Heritage guardians bemoan mill blaze as more of Bradford's history is lost forever

Heritage guardians bemoan mill blaze as more of Bradford's history is lost forever

Bradford historian Nigel Grizzard

Firefighters returned to Mill Street yesterday after a hotspot discovered

Firefighters returned to Mill Street yesterday after a hotspot discovered

Firefighters tackle a blaze at a derelict mill in Bingley town centre

A mill fire at a derelict glass factory in Bowling, off Spring Mill Street, in 2009

A mill fire in Listerhills Road in 2012

Firefighters attend a fire at an old disused mill on Factory Street, Dudley Hill, in 2012

First published in News Bradford Telegraph and Argus: Photograph of the Author by , T&A Reporter

SIX days after fire tore through another of Bradford's iconic mills, it seems the four-storey building in Mill Street has had a temporary reprieve before it is eventually and inevitably razed to the ground.

For the time being at least, Ivy Mills is still standing but only just - as talks are ongoing between its unnamed Manchester owner, the loss adjusters and insurance company before the demolition can finally go ahead.

A structural report is also awaited so that the team behind the wrecking-task, Windmill UK Demolition, can plan the safest and best way to tackle the mammoth job. Asked about the timescale, a spokesman said: "How long's a piece of string? Until all the talks are over and we have the engineer's structural report we can't do a thing but we're here until the death."

The cause of what started the blaze just before 8am on Saturday is still under investigation and no update is likely much before the end of this week, according to West Yorkshire Fire & Rescue Service, who had 12 crews there at its peak and a crew returned to the scene yesterday to damp down a hotspot that had re-emerged.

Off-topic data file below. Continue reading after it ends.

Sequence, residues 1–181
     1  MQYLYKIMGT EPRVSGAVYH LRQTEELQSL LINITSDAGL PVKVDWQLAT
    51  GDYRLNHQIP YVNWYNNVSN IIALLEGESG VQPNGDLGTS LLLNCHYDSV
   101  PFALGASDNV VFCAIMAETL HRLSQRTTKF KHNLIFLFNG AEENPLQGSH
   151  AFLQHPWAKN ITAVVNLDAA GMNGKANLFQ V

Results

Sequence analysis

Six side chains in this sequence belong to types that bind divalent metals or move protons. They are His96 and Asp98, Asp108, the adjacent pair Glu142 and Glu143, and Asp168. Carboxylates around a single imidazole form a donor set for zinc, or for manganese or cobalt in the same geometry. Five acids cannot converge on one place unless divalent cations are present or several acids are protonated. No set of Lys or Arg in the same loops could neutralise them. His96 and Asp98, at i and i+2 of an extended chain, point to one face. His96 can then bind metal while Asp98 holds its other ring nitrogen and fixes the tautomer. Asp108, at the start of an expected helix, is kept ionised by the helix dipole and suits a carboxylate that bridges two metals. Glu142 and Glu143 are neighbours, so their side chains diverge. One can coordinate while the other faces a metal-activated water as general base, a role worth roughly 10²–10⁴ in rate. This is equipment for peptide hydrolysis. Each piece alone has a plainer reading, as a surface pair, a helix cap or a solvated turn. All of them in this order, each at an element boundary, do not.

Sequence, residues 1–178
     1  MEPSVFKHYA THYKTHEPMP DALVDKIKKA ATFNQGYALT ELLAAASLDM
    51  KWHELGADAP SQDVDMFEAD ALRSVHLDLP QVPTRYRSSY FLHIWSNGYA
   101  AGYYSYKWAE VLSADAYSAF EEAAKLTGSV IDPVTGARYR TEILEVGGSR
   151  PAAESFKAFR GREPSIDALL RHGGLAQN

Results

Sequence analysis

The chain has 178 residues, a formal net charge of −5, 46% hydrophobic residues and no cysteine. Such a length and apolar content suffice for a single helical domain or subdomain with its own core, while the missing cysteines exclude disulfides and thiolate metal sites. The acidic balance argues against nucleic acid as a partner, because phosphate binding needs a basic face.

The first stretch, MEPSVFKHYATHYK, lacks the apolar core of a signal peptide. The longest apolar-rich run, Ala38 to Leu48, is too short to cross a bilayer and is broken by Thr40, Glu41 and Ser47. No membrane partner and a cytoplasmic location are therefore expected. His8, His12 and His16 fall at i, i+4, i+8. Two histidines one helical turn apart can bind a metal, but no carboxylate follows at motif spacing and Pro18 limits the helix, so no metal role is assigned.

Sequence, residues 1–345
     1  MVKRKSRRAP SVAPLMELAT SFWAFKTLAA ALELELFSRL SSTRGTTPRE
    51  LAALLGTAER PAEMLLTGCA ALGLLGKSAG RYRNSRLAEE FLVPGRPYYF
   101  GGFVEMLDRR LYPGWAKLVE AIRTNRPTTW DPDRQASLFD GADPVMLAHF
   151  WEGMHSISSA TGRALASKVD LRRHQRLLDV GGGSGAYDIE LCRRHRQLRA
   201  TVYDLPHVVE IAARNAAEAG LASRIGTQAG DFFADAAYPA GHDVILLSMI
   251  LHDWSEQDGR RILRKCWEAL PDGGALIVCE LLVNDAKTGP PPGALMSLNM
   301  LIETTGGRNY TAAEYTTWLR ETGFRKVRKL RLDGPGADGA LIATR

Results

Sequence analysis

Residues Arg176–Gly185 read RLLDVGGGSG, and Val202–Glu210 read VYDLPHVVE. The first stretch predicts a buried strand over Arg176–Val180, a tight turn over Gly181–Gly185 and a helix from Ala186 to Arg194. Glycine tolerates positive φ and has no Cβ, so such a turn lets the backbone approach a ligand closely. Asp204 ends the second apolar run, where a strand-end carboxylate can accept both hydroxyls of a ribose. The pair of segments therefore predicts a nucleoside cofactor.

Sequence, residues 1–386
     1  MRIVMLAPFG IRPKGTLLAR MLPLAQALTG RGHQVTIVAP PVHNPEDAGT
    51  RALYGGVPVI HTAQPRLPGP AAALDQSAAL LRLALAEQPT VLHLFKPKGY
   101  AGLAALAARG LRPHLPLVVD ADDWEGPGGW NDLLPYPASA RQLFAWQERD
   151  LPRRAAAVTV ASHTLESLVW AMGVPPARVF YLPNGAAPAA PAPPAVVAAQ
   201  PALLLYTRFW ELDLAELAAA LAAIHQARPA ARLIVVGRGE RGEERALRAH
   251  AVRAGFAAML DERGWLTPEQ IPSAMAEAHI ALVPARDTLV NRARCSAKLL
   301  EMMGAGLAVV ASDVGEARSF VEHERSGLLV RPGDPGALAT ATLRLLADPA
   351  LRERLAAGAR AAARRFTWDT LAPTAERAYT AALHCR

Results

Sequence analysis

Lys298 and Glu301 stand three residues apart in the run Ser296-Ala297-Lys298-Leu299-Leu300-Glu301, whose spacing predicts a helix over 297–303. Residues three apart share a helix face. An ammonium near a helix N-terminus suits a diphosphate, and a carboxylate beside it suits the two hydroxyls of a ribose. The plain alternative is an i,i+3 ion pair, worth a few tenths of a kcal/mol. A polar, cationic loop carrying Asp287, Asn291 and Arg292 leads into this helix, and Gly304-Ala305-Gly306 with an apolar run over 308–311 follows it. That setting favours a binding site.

The entire building was affected by the fire, with the main damage being caused in the first and second floor, which were both disused.

West Bowling-born-and bred Jeff Halmshaw, who writes journals chronicling the area's past, said: "Sadly it's another piece of Bradford heritage that's gone up in smoke."

Over the years, a number of landmark mills across the cityscape and out in the Bradford district have been destroyed because of fire. Some of those fires have been accidental, others blamed on rubbish being set alight while some have been caused by suspected arson.

Eastbrook Hall and the Playhouse in Little Germany have been among the city's most noteworthy buildings to have been hit by fire, although both have since been restored.

But many distinctive former industrial buildings have also been destroyed by flames. In April 2007, an intense blaze ripped through an almost entire block of buildings from Fulton Street, Tetley Street and into Sunbridge Road, taking out a chunk of the city centre's architecture.

In June 2009, fire swept through a derelict glass factory in Bowling's Springmill Street and, the following year, an inferno erupted at Ebor Mills in Haworth.

In January 2011, fire crews from across West Yorkshire were needed to fight roaring flames that destroyed a large part of Grade II- listed Dalton Mills in Keighley.

And a derelict mill in Bingley town centre also made the headlines when it went up in smoke in July that same year.

Three months later that year, 80 firefighters were called to a blaze at Prospect Mill, off Thornton Road.

In 2012, fire again put paid to a mill in Listerhills Road, one in Dudley Hill and Thompson's Mill in Tetley Street.

And last year thick plumes of dark smoke were seen in the city centre sky as a fierce blaze tore through the four-storey Providence Mills building in Tetley Street, just off Thornton Road - crews had to use cranes to try and put it out, in all 14 fire engines were at the scene.

But not all is gloom, in November last year one of Bradford's last iconic mill chimney stacks underwent a major renovation.

The stack at Albion Mills, in Greengates, Bradford,was repointed and repainted in a three-week overhaul. The building, which was rebuilt after being destroyed by fire in 1911, and was once occupied by Parkland Textiles is now home to a business centre. The chimney stands 92ft high and dates back to 1895.

Alan Hall, from Bradford Civic Society, said although the group is not a preservation society it has always been its view that the city's mill buildings should be put back into use when possible rather than be left to decay.